Hotel F&B: The Benefits of Nurturing and Utilizing Local Products
By Erik Wolf Executive Director, World Food Travel Association | August 12, 2012
Turn on the television and we're overwhelmed by the endless choices of food and travel programs. It's even easy to find food shows on travel channels and travel shows on food channels. Food and travel go hand in hand, and it's no surprise then, that food and drink are the fastest growing sectors of the travel industry.
That said, local foodservice businesses have a hard time competing against bigger companies like national chains and franchises. Consequently, many local foodservice businesses are closing. The reasons for struggle are many. A weak economy has beset us with job layoffs and reduced demand for travel. Foodservice businesses need a steady volume of customers to survive. Low-margin food establishments can hardly survive today without a higher volume of customers. None of us has to think hard to recall a restaurant, wine shop, gourmet store or other food-related business that has recently closed.
Researchers say we are bombarded with thousands of marketing messages each day. Consequently, we have to make many choices every hour – either consciously or subconsciously. It's so easy just to stop into a nearby outlet of Global Coffee (name changed but you know who we mean). The ordering process is seamless. The service is great. If they mess up, they'll make it right – no questions asked. Whether the coffee is actually good or not is another question. Yet the experience is terrific. Compare that to perhaps one of a handful of local coffee shops in your area. Sure, you have to drive to the individual cafe. There may not be parking. But the coffee is probably a lot better, it's probably not any more expensive, and chances are you may even know the staff who work there. And if a conversation ensues, it's probably rooted in a genuine relationship and/or interest in you. You're not just a number in a production line like at Global Coffee. It does take more effort to buy local, but it's worth it. Here's why.
Let's look at a locally-owned restaurant owner who serves 400 meals/day at an average price of $22/meal. The owner's income is $8800/day. He sources most of his food and drink from the local region. On an average $22 meal, let's say his net profit (after staff salaries, rent, insurance, cost of food and other business expenses) is $2.20/meal or $880/day ($22,880/month or $274,560/year). That's nearly $275,000 per year that is available to be reinvested back into the local community. The restaurant owner may buy a house or a new car. He may purchase new equipment for his restaurant, clothing and entertainment for his family, and so on. He has to pay his bookkeeper, accountant, lawyer, dentist and doctor. His profit pays for a lot of local goods and services.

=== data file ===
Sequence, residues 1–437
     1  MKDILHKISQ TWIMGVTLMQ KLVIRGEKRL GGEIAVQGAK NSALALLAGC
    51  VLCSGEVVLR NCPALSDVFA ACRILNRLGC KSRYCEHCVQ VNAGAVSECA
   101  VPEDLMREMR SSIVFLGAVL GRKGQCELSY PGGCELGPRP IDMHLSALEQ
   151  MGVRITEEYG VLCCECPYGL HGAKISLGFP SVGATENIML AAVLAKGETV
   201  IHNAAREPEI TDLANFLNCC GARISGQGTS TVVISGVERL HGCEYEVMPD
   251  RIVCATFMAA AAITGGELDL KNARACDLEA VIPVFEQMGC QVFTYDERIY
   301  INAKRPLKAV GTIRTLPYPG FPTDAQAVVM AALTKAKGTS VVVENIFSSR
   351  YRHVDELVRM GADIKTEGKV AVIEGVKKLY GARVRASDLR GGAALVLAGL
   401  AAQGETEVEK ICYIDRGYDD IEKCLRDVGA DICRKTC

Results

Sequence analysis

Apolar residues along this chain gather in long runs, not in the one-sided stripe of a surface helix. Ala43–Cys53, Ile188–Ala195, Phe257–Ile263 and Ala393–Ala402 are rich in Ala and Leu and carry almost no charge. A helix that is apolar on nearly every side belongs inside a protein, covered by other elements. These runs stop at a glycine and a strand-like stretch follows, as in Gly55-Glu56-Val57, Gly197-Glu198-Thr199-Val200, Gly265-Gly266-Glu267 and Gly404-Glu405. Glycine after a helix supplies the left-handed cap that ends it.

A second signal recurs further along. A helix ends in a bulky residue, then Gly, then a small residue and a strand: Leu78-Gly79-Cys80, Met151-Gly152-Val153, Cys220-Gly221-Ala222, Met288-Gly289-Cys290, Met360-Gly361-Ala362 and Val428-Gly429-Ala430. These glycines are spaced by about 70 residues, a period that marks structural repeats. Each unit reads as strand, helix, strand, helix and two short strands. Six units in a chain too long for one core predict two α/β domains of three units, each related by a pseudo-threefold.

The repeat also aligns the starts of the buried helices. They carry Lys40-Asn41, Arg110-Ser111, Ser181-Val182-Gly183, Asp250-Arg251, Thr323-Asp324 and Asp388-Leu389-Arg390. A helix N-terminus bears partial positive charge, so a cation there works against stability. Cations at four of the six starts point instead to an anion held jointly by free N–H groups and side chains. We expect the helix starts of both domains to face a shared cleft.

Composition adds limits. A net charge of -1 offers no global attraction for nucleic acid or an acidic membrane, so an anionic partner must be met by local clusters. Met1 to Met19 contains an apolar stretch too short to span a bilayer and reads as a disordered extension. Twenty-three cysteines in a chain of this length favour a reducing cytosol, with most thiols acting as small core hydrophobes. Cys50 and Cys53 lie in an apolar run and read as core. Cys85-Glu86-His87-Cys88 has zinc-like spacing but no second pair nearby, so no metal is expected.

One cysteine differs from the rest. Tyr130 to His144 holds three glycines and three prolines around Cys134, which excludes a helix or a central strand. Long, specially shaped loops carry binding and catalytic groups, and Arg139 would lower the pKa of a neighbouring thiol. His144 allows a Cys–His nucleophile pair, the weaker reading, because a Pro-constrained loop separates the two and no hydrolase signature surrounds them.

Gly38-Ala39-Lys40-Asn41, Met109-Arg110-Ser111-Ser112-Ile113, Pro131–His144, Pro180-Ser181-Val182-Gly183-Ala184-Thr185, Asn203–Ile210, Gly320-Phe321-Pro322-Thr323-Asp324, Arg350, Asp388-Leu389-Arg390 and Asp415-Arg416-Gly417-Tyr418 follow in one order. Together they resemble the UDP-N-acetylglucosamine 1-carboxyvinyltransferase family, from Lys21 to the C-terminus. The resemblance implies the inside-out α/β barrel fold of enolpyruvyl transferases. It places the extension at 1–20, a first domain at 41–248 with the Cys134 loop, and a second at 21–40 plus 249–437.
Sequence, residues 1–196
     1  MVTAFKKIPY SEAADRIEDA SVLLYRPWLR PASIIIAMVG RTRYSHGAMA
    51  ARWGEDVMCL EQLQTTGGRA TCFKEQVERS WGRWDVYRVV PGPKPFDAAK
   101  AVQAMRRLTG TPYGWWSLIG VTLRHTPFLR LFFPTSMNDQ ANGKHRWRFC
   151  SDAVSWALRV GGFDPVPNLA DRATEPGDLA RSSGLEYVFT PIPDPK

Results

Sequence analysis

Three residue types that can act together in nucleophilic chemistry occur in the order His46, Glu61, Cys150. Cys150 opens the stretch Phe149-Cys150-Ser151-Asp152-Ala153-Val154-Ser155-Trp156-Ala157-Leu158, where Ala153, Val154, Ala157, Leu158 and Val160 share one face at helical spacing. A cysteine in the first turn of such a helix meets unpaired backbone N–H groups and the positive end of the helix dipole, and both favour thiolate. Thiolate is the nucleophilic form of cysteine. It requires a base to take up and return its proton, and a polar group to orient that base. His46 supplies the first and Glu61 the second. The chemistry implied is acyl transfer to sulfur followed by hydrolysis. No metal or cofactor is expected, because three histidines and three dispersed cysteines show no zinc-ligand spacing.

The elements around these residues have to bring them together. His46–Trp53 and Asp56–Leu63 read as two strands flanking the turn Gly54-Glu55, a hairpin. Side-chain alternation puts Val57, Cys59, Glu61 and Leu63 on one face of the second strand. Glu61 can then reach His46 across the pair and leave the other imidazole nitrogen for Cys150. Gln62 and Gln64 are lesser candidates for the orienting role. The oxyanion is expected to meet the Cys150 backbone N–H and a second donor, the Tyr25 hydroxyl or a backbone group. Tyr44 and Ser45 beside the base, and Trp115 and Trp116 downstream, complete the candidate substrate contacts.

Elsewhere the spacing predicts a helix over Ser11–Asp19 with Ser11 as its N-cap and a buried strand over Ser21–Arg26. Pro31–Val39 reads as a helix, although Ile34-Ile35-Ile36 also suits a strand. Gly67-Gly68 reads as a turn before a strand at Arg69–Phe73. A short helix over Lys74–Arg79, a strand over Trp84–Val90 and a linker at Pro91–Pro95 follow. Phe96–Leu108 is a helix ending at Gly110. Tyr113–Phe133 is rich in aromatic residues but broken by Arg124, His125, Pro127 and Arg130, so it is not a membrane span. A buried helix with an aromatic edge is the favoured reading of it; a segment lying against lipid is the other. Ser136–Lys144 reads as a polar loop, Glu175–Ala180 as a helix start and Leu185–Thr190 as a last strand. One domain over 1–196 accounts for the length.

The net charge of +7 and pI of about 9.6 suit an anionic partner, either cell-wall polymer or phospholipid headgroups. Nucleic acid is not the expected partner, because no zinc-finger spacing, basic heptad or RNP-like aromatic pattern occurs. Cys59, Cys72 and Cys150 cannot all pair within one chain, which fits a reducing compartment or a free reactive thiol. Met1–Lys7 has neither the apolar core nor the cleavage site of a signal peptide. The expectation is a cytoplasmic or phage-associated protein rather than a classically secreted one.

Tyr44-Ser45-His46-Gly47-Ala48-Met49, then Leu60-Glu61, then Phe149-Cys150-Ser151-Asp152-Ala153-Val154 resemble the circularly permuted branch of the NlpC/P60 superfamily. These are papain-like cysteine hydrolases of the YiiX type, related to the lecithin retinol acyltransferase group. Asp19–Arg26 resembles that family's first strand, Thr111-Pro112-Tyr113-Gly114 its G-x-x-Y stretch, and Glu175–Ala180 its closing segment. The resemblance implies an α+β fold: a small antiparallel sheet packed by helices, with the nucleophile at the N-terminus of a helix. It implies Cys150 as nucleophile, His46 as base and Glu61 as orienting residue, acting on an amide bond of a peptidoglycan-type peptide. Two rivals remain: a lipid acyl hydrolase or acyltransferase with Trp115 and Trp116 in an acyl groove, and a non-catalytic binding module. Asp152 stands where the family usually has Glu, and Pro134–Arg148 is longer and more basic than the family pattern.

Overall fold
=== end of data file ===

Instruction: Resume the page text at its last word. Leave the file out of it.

Now let's compare that scenario with a national franchise restaurant owner who also serves 400 meals/day at an average price of $22/meal. The restaurant's income is $8800/day. Of that money, the owner needs to pay staff, rent and insurance. He sources most of his food and drink from a foodservice supply company that his franchise has procured through a national contract. His food costs will most likely be lower so on an average $22 meal, let's say his net profit (after staff salaries, rent, insurance, cost of food, national franchise fee and other business expenses) is $3.20/meal or $1280/day ($33,880/month or $399,360/year). That is an additional $400,000 of profit that is sent back to the franchise's national headquarters. Sure, money is spent on hiring local staff and managers, but that was accounted for in the net profit. $400,000 is leaving the local economy vs. $275,000 staying in the local economy. Multiply that by the hundreds of thousands of foodservice outlets in the US alone, and the impact is staggering. The bottom line is that with national chains and franchises, a lot more cash is leaving, than staying in, communities. This is an important fact that is not advertised to local residents who are all too elated when they learn that a huge hypermarket is slated to open in their area next year.
Now let's look at economic impact as it relates to travel specifically. Let's say a family of 4 from Australia comes to the USA for vacation for two weeks. The fly into Los Angeles and stay a couple days, visit Disneyland, drive to Las Vegas and then drive through the Grand Canyon, Bryce and Zion national parks in the area. They stay the last night in Scottsdale, Arizona and fly out of Phoenix back to Australia. Over the course of two weeks, they spend $150/night on hotel ($1950 for 13 nights). They will also need to rent a car ($600) and buy gasoline ($300). They'll need to eat out every meal ($50/person/day or $200/day = $2800 for 14 days). Of course they need to do some sightseeing ($500) and go shopping since many things are much cheaper in the USA than Australia ($3000). This very realistic scenario nets a total expenditure of $9150. Now let's say there are 50,000 such families per year who take this kind of trip (a very, very modest number judging by data from the Travel Industry Association of America). If these families chose not to take this trip, then that is nearly $457,500,000 million less each year that isn't being pumped into local economies.
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